24 Feb 2018

Icons: Cathy Berberian

‘It has been a great pleasure to revisit Cathy Berberian’s recordings,’ says EDWARD BREEN, author of this issue’s Icons feature dedicated to the mezzo and composer. ‘She was an incredible communicator in music from Monteverdi to Berio. I can almost taste the words that she sings.’


Cathy Berberian As far as is possible within the confines of these pages, Edward Breen explores the vocalist’s fascinating career – defined by eclecticism, experimentation, unorthodoxy and sheer chutzpah

To explore the work of Cathy Berberian (1925-83) is to gaze in wonderment at the versatility and creativity of the human voice. In the 1950s and ’60s she was in the thick of the musical avant-garde, fusing gestural utterances with traditional modes of singing to widen the aesthetic parameters of composition for solo voice. Her dazzling performances (which became known as New Vocality) inspired many composers, but she didn’t limit herself to Darmstadt circles; as Philip Clark wrote in this very magazine more than a decade ago, her career ‘relentlessly posed the question, “which avant-garde?”’ (3/06).


To read the full text of this article please visit www.gramophone.co.uk (March 2018)

23 Feb 2018

Missa Videte miraculum & Ave Maria, ancilla Trinitatis

Missa Videte miraculum & Ave Maria, ancilla Trinitatis
Nicholas Ludford (c1490-1557)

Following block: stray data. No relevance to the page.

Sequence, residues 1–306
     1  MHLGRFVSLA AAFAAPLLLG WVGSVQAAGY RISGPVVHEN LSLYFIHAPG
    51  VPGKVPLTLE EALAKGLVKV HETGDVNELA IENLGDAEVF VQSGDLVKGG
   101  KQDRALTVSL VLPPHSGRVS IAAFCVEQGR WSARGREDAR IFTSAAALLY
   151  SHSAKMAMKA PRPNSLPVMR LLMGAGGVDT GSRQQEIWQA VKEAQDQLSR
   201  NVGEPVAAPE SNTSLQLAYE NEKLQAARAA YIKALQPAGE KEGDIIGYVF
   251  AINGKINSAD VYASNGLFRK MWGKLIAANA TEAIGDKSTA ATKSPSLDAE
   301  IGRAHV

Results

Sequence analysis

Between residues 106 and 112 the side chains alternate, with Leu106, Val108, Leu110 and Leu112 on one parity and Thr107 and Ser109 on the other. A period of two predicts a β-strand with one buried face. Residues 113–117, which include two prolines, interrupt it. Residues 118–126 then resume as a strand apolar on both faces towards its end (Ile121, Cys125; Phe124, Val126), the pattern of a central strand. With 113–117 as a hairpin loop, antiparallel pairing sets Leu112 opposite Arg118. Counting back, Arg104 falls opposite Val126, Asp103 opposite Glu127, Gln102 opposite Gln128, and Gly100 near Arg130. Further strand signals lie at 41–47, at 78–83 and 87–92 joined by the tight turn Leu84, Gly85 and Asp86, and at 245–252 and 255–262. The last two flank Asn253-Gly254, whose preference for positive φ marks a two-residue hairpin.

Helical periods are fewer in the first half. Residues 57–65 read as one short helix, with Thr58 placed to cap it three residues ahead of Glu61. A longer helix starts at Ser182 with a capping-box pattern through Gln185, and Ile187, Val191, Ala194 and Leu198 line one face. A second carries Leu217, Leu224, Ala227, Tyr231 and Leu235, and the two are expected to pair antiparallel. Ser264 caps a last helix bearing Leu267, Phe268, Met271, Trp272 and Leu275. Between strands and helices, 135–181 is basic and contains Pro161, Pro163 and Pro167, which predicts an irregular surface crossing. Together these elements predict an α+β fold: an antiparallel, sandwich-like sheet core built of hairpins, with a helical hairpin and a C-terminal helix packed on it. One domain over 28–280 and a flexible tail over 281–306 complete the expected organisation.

Westminster Abbey Choir, James O'Donnell (conductor)
Hyperion CDA68192

The modern reputation of Nicholas Ludford (c1490-1557) was really sealed by the first recordings of The Cardinall’s Musick in the early1990s (ASV Gaudeamus CDGAU131, 132, 133, 140). These pioneering discs transformed Ludford from being considered a bridge—linking Robert Fayrfax with John Taverner—to one of the most prolific composers of masses in Tudor England and a great pre-reformation musician. [...]

O’Donnell treads a conservative path through the richly textured Missa Videte miraculum. In the Gloria the Lay Vicars create a luscious, serene opening which the treble voices later expand into a full six-part texture. 


The finest singing on this disc however, is undoubtedly Ave Maria, ancilla Trinitas: an exceptional work and a superb performance. The choir are heard at their finest in the more impassioned moments, of which this votive antiphon offers many.

To read the full text of this article please visit www.gramophone.co.uk (March 2018)

14 Feb 2018

A Performance and Reception History of On parole/A paris/Frese nouvel

The Montpellier Codex
The Final Fascicle. Contents, Contexts, Chronologies
Edited by Catherine A. Bradley, Karen Desmond
Studies in Medieval and Renaissance Music, French Studies, Medieval Literature, Music

Chapter 16: A Performance and Reception History of 
On parole/A paris/Frese nouvel
Edward Breen

Fascicle 8’s motet On parole/A paris/Frese nouvele (Mo 8,319, fols. 368v—369v) is an intriguing polytextual work with an equally intriguing performance history. It has caught the imagination of many musicians who have explored the various performance possibilities suggested by the text.